Use this feature to narrow the number of results that the system originally returned or to correct syntax errors in the original query.
The search sets are listed in the Search History table in reverse numerical order - the most recently created set is at the top of the table.
To combine two or more sets:
Combine Structure Searches
You can use set numbers to combine two structure searches that retrieved compound records. Similarly, you can combine two structure searches that retrieved reaction records.
Note: You cannot combine a structure search that retrieved compound records with a structure search that retrieved reaction records. In other words, you cannot combine reaction and compound searches.
Combine Structure Searches with Bibliographic Searches
When you combine a set created from a structure search with a set created from a search for bibliographic information in any database, the result of the set combination will be a number of article records.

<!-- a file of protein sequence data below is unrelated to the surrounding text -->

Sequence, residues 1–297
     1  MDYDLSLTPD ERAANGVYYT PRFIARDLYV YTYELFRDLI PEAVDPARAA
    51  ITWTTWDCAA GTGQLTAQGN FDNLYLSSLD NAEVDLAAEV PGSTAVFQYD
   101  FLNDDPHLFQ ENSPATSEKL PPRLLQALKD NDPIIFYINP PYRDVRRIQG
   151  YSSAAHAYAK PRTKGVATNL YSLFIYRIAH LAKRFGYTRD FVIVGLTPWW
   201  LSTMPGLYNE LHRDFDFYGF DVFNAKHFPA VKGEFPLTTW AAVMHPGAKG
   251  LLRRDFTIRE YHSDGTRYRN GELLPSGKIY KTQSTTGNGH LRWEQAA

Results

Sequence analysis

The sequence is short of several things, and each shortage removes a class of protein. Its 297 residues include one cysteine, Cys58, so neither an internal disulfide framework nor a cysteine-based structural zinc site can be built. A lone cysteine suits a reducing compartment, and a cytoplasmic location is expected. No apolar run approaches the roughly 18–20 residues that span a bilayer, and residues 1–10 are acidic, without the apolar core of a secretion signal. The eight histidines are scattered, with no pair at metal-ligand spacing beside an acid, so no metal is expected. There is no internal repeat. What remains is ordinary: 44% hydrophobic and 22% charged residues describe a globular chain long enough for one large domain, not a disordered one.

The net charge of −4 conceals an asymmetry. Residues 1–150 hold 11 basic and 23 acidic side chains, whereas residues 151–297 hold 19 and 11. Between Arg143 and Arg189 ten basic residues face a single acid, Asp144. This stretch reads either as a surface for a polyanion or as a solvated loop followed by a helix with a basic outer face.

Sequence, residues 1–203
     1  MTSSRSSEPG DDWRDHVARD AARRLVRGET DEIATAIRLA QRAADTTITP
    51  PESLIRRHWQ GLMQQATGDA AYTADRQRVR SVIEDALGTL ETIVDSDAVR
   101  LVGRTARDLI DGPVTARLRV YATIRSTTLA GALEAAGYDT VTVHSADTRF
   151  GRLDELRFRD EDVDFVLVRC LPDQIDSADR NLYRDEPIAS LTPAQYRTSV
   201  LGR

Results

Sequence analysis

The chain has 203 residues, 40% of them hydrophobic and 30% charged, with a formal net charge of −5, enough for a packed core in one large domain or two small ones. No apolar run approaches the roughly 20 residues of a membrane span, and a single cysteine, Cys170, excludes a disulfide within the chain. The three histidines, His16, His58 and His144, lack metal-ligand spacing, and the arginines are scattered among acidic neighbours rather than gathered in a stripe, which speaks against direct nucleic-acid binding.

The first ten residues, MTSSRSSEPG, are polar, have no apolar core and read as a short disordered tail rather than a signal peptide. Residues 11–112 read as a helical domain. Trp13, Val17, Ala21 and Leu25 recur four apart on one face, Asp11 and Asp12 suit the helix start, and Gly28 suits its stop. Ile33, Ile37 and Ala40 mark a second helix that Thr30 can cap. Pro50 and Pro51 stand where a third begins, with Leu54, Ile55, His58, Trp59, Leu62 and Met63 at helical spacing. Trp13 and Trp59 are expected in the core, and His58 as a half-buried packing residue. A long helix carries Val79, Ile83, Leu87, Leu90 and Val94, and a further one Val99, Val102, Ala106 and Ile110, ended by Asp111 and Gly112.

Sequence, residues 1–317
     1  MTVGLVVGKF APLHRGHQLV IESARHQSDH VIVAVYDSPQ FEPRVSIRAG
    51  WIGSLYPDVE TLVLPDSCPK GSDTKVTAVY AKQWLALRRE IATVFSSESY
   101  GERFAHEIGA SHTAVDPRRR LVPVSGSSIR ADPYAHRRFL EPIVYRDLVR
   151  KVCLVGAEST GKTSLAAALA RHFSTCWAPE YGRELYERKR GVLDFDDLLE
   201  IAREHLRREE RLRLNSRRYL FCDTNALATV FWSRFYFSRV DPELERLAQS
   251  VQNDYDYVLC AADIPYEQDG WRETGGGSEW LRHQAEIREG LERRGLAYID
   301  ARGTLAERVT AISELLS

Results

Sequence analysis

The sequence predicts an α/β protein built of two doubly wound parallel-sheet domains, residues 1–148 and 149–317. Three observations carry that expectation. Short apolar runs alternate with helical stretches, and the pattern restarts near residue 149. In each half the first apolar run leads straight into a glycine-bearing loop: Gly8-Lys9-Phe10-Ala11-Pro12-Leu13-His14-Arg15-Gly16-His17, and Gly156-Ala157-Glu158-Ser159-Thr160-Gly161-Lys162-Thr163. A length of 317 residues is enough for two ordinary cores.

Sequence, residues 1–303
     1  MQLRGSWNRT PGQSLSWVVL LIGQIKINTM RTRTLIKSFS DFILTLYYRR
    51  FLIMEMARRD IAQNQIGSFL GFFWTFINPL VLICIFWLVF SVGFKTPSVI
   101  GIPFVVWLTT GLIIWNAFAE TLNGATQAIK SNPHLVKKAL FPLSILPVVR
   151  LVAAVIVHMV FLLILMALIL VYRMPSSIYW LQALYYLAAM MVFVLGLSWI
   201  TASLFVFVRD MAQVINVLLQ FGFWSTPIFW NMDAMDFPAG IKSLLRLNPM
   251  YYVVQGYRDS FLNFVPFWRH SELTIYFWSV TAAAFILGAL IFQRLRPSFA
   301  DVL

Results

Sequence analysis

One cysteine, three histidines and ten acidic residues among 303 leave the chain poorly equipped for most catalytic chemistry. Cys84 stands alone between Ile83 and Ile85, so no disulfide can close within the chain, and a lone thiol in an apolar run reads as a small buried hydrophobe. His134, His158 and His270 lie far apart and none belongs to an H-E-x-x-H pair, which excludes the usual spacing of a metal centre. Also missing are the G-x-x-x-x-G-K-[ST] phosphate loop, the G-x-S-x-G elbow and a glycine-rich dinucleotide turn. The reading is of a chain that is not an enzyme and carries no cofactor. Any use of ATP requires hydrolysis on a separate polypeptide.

Also, note that if you use AND to combine a set created from a search of the Science Citation Index with a set created from a search of Index Chemicus and/or Current Chemical Reactions, there may be no intersection between the sets if the timespan for each search is the current week or the last 2 or 4 weeks. If you want to limit results to the most current week or the last 2 or 4 weeks, go to the More Settings section of the search page, select all five databases, and then perform the search.
Set Combination Examples
#1 AND #2
Finds all records that appear in both set #1 and set #2.
#2 OR #3
Finds all records that are in set #2 and all records that are in set #3, including records common to both sets.
#1 AND #2 AND #4 AND #6